Saint Ignatius High School

The Ignatian Year

As a way of commemorating 500 years since Iñigo Lopez de Loyola had his "cannonball moment," Fr. Arturo Sosa, S.J., Superior General of the Jesuits, has called for an “Ignatian Year” to be celebrated from May 20, 2021, to July 31, 2022, the Feast of St. Ignatius of Loyola. Looking back, Mr. Healey explains, is sometimes how we can best look forward.

On February 26, 2020, when the entire Saint Ignatius community walked out of the Fr. Sullivan Gymnasium after our Ash Wednesday Mass, we could never have imagined that it would be our last all-school liturgical gathering until May 20, 2021. Not only was this year’s closing school Mass presided over by the Most Reverend Edward Malesic, Bishop of Cleveland, but he and the Jesuits who joined him at the altar stood on the roof of the first base dugout of Progressive Field as the congregation filled the seats from home plate to the right field foul pole.

To say that we went out with a bang would, in this case, be more than just mere hyperbole since May 20 marked the 500th anniversary of the Battle of Pamplona where a French cannon ball and the right leg of Iñigo Lopez de Loyola met in a demonstration of the timeless laws of physics.  That wounded Spanish soldier, known to the world today as St. Ignatius Loyola, would look back on that event as one that changed his life forever. It also, unbeknownst to Iñigo, would change the lives of millions of people who would be brought to Christ through the efforts of the men of the Society of Jesus who would follow Iñigo into spiritual – rather than military – combat.

As a way of commemorating this momentous occasion for the Society of Jesus as well as for the Church, Fr. Arturo Sosa, S.J., Superior General of the Jesuits, has called for an “Ignatian Year” to be celebrated from May 20, 2021, to July 31, 2022, the Feast of St. Ignatius of Loyola.  Between these two important dates is a third – what has been called “the peak” of the Ignatian Year – the celebration of the 400th anniversary of the canonization of Ignatius Loyola and Francis Xavier on March 12, 2022.

It is impossible to place a value on the service that any religious order has offered to the Church through the centuries, but it would be hard to find any group that has had more impact in more areas than the Jesuits.  From education to spiritual direction to missionary work and service to those in need the Society of Jesus has led the way for half a millennium. This Ignatian Year is meant to highlight these accomplishments, celebrate them, and refocus them for the 21st Century through the implementation of the four Universal Apostolic Preferences discerned by the Society of Jesus and promulgated by Fr. Sosa in February of 2019.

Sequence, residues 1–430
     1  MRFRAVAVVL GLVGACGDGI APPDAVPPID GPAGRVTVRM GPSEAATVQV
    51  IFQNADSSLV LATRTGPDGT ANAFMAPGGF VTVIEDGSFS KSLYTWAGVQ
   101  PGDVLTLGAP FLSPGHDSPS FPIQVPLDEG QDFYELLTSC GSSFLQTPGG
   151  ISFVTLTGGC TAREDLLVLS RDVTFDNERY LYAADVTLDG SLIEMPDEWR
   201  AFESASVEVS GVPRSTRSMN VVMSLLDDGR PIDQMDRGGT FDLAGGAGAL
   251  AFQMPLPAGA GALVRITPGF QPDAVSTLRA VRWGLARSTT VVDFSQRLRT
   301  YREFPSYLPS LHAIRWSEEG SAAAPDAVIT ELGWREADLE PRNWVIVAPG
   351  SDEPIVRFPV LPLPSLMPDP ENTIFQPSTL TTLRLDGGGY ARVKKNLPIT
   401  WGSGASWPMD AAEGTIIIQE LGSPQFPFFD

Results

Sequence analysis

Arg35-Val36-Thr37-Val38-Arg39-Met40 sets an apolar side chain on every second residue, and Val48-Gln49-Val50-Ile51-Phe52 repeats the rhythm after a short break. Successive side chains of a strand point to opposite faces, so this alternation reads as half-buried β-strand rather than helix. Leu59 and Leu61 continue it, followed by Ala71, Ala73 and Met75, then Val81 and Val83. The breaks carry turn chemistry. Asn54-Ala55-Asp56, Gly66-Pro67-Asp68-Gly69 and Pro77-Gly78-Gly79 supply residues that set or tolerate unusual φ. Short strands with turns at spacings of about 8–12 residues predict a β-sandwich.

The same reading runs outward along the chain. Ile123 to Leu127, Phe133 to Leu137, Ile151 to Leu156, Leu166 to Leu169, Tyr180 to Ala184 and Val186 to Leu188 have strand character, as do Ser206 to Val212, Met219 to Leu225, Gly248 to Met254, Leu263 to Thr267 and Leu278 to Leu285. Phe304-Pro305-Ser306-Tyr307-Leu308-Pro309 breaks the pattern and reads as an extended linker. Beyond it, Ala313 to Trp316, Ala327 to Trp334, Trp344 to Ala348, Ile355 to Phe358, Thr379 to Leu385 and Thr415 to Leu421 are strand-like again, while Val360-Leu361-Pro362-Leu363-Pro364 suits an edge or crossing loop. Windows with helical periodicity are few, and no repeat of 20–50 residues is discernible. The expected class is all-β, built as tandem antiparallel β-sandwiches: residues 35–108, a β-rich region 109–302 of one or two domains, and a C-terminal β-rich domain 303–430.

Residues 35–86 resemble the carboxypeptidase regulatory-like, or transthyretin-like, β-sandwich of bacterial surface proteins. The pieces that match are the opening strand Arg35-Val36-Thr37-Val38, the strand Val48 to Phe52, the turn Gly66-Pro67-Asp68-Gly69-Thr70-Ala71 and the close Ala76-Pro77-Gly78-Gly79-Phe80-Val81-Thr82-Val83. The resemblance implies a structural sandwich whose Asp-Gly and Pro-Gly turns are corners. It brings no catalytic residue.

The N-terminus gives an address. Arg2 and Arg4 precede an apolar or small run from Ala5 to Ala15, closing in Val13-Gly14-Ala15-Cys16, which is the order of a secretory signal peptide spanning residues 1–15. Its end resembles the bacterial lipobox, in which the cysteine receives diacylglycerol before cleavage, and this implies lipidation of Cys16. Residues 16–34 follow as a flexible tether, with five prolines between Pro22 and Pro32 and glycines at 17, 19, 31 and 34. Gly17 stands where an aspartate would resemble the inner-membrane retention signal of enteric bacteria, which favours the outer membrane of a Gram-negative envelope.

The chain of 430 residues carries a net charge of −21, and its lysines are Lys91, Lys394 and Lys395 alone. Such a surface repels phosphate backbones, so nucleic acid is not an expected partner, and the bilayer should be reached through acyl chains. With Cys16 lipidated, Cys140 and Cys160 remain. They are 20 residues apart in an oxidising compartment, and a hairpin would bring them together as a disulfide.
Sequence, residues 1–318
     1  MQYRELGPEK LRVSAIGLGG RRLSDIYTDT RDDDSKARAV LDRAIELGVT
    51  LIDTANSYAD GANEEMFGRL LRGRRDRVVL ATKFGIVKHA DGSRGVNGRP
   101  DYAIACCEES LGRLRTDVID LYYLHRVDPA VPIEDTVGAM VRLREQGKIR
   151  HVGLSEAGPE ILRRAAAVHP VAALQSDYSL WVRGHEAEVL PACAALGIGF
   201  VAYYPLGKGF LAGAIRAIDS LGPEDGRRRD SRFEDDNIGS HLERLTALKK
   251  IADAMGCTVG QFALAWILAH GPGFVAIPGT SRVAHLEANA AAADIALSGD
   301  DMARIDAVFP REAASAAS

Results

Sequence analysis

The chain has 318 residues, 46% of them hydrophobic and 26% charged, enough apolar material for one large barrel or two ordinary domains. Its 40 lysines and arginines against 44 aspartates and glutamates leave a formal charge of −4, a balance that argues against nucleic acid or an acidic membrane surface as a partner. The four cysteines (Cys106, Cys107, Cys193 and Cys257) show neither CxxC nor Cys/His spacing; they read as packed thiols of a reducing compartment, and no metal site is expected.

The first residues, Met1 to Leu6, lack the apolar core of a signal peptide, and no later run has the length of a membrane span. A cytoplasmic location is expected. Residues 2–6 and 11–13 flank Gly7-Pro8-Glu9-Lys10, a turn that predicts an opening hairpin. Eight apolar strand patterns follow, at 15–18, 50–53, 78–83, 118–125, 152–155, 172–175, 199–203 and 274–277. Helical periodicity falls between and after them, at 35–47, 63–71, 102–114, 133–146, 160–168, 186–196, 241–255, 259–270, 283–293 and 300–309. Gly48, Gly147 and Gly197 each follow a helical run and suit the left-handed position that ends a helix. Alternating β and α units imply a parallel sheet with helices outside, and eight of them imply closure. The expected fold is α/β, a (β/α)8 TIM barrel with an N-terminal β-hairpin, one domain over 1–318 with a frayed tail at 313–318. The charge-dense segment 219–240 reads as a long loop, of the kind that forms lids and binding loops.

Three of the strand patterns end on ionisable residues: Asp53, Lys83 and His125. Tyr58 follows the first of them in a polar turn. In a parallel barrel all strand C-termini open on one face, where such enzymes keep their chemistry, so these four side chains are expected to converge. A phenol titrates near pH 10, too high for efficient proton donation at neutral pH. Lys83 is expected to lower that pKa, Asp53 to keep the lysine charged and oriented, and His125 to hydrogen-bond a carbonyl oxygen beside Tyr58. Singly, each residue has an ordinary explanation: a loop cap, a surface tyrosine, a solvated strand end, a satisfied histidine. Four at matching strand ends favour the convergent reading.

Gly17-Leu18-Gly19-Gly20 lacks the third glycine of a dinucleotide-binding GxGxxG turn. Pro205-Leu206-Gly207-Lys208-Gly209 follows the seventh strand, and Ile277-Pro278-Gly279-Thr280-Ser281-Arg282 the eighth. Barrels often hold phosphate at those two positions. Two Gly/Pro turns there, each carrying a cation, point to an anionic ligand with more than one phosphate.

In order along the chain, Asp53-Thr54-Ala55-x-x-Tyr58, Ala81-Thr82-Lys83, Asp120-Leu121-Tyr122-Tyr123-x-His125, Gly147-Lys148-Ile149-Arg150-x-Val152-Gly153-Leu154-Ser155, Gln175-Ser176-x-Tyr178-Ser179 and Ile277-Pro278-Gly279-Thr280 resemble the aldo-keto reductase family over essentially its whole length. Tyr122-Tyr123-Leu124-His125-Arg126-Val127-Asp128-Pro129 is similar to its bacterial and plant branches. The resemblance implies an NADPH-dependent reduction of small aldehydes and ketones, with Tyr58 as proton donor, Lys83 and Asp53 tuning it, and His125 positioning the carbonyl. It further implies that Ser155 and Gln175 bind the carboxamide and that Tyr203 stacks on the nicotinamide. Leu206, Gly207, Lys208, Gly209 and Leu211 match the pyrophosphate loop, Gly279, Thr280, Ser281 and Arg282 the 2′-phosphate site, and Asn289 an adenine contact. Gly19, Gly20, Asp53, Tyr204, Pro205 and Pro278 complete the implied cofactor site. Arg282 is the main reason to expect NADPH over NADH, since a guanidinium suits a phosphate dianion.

These four themes as enumerated in Fr. Sosa’s 2019 letter to the Society worldwide, are:

A. To show the way to God through the Spiritual Exercises and discernment;
B. To walk with the poor, the outcasts of the world, those whose dignity has been violated, in a mission of reconciliation and justice;
C. To accompany young people in the creation of a hope-filled future; 
D. To collaborate in the care of our Common Home.

These UAPs are in some ways attuned to the specifics of 21st Century Catholic life as seen through a Jesuit lens, yet they have their roots in those core aspects of the Ignatian vision that have been with us since the time of the cannon ball. To steal from the greatest of all modern Jesuit theologians, Cardinal Henri de Lubac, S.J., this Ignatian Year will be an opportunity for ressourcement, a French term meaning “a return to the sources,” and the theme of all of de Lubac’s writings. 

At the end of the film The Company: Inigo and His Jesuits the narrator, actor Cyril Cusack, concludes his summary of the history of Ignatius and the Society of Jesus with a sentence that de Lubac and Ignatius himself would see as fitting not only for the film, but for our entrance into the Ignatian Year: “Looking back is sometimes the way of looking forward.” And for those of us at Saint Ignatius High School this last line is also a fitting reminder of the essential nature of tradition as we strive to strengthen those ties of new days and old – ties that cannot be severed.